When working with the AFL, it is important to understand what you’re dealing with. There is 122 years of culture in a country whose identity has been shaped by organised sport, binary male-female environments with a lot of uncertainty and very little education on LGBTIQ+ lived experiences.
When I migrated to Australia 16 years ago I remember reading an article that stated “organised sport has killed organised religion in Australia”. I learned early on that you must find a team to barrack for, and that business deals could be made over a pint and a pie.
This was fine when I was presenting as a middle class, Caucasian, heterosexual, married, masculine-presenting father of two daughters. When I transitioned five years ago, it wasn’t something I wanted to think about. I felt ashamed.
In 2013 I learned quickly that the transgender community wanted to remain hidden and over the course of the past five years I lost many things – my career and relationships with friends and family.
When it comes to transgender issues, I am not a doctor. I speak of my own lived experiences and through the many other transgender people I have met and interviewed over the years on radio and television. The conversation is complicated for everyone.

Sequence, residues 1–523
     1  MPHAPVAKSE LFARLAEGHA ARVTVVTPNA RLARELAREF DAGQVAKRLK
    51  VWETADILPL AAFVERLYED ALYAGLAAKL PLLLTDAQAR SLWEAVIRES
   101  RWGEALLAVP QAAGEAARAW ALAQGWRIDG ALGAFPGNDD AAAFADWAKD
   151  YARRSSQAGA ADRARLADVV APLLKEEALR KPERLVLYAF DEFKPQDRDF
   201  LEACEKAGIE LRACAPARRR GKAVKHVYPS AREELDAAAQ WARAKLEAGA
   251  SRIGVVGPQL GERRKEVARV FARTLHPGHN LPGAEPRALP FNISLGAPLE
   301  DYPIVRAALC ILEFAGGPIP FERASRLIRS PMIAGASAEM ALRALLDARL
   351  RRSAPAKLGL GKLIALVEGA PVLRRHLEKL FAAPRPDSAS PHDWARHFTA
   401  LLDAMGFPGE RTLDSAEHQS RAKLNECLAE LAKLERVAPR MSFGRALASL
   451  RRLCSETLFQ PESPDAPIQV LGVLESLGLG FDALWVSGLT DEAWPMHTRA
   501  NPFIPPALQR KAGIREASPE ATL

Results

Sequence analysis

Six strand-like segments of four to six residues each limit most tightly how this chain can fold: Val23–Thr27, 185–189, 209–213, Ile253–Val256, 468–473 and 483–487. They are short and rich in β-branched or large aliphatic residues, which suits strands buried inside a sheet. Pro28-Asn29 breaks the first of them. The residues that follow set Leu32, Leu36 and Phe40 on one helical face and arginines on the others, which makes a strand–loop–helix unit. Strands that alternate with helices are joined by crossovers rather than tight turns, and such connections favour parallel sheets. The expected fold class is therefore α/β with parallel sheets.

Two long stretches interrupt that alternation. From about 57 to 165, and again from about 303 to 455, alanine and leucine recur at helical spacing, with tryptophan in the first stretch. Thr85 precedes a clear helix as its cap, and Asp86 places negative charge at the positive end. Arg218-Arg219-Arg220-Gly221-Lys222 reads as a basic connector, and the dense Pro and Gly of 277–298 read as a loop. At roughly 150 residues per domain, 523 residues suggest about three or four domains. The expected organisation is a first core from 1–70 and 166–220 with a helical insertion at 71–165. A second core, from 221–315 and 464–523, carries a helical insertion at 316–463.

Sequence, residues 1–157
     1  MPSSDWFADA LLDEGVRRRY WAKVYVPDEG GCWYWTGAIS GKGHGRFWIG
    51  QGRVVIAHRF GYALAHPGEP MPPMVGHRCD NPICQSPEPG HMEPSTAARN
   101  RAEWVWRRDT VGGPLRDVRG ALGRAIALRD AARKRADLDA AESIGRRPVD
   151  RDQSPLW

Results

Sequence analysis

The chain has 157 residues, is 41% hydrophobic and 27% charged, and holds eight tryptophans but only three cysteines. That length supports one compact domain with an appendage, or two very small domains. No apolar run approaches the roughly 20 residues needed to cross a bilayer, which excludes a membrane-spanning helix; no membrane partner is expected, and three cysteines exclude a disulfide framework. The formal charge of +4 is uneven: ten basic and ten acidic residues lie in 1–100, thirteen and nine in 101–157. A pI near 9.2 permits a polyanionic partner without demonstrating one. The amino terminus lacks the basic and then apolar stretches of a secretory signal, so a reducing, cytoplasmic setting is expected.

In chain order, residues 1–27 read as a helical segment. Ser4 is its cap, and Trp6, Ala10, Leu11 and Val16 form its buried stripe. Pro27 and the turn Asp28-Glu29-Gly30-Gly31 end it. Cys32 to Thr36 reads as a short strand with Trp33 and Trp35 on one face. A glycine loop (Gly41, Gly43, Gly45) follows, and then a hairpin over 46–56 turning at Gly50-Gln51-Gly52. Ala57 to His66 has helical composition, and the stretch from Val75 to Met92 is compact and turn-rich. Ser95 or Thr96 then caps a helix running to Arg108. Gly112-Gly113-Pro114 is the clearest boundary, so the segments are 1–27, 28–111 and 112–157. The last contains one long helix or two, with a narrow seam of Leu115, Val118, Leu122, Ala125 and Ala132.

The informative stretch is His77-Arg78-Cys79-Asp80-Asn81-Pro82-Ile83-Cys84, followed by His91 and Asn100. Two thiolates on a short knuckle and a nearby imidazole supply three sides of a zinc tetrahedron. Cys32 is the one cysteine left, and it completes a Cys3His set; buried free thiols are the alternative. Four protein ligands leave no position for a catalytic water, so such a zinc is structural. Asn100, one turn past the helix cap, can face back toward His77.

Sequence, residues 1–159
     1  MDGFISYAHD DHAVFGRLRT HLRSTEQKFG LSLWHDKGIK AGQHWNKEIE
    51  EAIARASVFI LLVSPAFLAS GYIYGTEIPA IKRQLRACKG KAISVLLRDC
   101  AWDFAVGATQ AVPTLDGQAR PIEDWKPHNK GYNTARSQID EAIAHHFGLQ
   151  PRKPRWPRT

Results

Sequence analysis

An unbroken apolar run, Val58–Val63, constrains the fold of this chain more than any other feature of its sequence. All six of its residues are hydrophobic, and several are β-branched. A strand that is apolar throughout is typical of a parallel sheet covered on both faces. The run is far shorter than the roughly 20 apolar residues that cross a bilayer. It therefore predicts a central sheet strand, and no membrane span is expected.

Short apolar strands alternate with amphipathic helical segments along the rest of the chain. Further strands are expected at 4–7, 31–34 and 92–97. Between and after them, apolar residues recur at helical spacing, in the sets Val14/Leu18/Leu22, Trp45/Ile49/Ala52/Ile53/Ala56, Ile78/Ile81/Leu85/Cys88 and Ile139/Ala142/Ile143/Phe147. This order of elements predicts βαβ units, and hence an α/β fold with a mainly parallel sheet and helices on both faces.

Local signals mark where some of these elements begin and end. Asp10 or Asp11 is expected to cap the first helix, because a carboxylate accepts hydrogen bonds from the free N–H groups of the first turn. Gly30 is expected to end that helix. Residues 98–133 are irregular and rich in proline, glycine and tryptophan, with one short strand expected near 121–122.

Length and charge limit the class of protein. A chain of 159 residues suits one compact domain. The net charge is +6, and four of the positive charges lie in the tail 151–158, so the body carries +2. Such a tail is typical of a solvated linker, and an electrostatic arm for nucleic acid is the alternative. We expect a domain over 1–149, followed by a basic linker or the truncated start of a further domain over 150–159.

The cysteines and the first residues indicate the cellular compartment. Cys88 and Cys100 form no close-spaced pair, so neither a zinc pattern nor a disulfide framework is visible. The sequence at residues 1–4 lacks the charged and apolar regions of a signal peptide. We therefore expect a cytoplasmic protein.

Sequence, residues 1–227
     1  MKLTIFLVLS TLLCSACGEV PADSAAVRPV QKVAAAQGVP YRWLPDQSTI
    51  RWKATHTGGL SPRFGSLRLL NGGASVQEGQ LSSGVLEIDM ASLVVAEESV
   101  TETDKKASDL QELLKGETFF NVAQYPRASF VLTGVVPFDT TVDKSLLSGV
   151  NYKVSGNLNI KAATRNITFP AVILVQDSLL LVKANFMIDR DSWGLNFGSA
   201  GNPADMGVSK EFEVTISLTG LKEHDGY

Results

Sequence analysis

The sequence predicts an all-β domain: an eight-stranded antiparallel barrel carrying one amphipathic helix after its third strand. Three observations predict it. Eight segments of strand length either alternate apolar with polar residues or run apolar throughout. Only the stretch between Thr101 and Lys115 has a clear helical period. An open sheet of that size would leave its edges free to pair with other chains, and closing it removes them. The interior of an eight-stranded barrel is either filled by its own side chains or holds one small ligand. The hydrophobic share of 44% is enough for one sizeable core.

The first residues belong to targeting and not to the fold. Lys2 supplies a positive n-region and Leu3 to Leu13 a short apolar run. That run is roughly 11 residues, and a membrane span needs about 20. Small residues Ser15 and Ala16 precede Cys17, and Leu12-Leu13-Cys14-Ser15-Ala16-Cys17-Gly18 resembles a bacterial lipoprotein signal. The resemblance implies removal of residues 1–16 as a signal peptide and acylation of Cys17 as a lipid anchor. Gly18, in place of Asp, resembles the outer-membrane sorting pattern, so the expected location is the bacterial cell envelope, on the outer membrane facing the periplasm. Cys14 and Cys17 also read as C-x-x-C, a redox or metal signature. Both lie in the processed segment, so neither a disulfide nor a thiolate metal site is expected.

Trans footballers show strength to play despite persistent prejudices
Last week, I was asked to be a facilitator for a discussion around “transgender and gender diverse” sports inclusion policy at the AFL. Opportunities to come to the “big table” for discussions are such a rarity, it was an honour to have the chance to represent my community in this way.
We brought together some of the best representatives from around Australia who understand the weight of the situation with a focus on the long game for our community.
The policy presented was an early draft and needs much work still but the feedback we gave was well received by the AFL’s representatives. It was not easy, there was some hurt in the room, but we were allowed to give our true thoughts and concerns.
It was a chance to show respect for both sides and start a dialogue, which has been facilitated over the past year by the openness by AFL clubs to make positive change happen. It was a moment I am proud of.
I am often asked, “How can I be an ally?” My first response is to ask “What platform can you offer to allow discriminated voices to speak?” Tanya Hosch, a woman of colour and general manager at the AFL, did just that. She said she couldn’t understand what we are going through but could empathise with the discrimination and struggle by sharing her story with us and why she wanted to make sure this meeting happened for us.
The importance of this policy cannot be underestimated and it will be referenced going forward, even by other sporting groups.
Even though the public is aware of the draft, its contents remain confidential. But what I can say is there is a positive beginning and yes, the path forward is still long, but with the right allies in the right places, patience by both parties to listen instead of over talking each other, as well as mutual respect of each point of view, we can make more progress together than with aggression and finger pointing.